Reading Time: < 1 minute The black rhino population has increased in recent years (Photo: Bernard Dupont)
Reading Time: < 1 minute

Many conservationists are disappointed that South Africa has won permission to trophy hunt more black rhinos, with the limit going from five a year to 10. 

The decision was made at the Convention on International Trade in Endangered Species (Cites), a meeting in Geneva attended by 183 nations.

It follows the recent growth of the black rhino population. The International Rhino Foundation states that the species was decimated by 96 percent between 1970 and 1992, with around 2,300 living in the wild. Around 5,000 of the animals now exist, 2,000 of which are in South Africa.


Conservation organizations including the Born Free Foundation opposed the move, as well as countries including Gabon and Kenya. But Botswana, Zimbabwe and Eswatini, supported it.

Those supporting decision claim that because it costs tens of thousands to hunt the animal, the money will go into conservation and ultimately help the species. 

But conservationists are concerned about the trafficking of black rhino for their horns. “We encourage major efforts to ensure their protection, the prevention of trafficking, and that any trophy hunting is truly sustainable and supports, not undermines, the conservation of the species,” said Elizabeth Bennett of the Wildlife Conservation Society.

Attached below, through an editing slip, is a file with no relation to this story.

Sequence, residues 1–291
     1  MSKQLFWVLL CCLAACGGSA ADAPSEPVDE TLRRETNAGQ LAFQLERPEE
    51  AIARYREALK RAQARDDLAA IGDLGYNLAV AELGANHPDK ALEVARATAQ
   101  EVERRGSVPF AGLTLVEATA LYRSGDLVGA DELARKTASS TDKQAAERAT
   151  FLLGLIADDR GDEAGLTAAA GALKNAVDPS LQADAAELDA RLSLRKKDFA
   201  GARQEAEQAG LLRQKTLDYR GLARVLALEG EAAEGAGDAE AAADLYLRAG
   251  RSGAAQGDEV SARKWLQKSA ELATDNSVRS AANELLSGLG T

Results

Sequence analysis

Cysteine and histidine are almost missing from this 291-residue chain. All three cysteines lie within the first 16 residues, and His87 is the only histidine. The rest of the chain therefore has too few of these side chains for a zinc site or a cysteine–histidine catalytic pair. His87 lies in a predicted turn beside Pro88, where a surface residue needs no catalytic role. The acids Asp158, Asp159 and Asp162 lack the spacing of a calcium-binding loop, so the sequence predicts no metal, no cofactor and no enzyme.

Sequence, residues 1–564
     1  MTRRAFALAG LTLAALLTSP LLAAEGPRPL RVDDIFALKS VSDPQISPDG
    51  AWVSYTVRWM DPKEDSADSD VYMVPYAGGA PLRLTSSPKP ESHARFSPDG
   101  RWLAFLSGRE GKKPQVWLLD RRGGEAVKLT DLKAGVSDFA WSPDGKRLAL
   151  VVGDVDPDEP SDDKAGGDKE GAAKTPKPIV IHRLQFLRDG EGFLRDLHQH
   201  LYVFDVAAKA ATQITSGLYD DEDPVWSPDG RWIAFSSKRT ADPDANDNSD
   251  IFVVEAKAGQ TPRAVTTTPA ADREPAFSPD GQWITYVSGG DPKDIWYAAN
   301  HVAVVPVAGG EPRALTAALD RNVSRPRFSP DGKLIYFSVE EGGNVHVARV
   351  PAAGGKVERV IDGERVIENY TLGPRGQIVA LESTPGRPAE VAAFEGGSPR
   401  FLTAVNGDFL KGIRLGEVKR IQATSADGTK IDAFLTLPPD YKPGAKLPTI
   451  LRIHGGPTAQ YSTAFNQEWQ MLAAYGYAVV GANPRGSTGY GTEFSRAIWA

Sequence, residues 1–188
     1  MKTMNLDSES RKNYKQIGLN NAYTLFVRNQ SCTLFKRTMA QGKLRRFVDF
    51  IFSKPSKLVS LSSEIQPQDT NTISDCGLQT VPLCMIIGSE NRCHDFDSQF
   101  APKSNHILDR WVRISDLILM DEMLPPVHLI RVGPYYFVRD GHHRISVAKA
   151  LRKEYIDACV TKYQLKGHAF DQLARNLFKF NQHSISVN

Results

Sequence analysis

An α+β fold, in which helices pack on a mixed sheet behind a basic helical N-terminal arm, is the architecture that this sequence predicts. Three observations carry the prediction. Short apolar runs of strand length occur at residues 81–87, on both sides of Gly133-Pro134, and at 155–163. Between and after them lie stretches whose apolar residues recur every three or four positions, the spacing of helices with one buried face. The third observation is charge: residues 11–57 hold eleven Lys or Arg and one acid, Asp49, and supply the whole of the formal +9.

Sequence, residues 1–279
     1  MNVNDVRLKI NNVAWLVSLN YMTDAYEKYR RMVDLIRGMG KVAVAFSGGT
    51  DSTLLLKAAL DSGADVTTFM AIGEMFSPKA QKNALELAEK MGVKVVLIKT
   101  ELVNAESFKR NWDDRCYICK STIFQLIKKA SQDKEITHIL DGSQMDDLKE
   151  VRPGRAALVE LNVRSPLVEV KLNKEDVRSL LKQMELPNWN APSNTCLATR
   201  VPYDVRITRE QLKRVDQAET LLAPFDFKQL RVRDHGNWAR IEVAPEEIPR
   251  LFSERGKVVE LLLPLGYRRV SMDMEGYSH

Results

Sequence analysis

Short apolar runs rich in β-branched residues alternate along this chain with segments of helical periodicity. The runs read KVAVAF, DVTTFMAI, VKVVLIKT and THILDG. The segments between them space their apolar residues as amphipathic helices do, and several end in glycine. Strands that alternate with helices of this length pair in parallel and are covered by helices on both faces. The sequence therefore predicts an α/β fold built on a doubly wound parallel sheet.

The final session of the summit signs off all votes. Because the EU failed to vote, the decision could be overturned during the final session.

Maria Chiorando

Maria is a news and features writer for Plant Based News. As a former magazine editor, newspaper reporter, and features writer, her work has been published by The Guardian, The Huffington Post, and various regional newspapers, as well as Vegan Life magazine and Vegan Trade Journal. She has interviewed a huge range of people, from Prime Ministers to authors, activists, pop stars and actors, and enjoys the varied range of topics writing for PBN allows her to tackle. She was previously the editor of Plant Based News for over 3 years.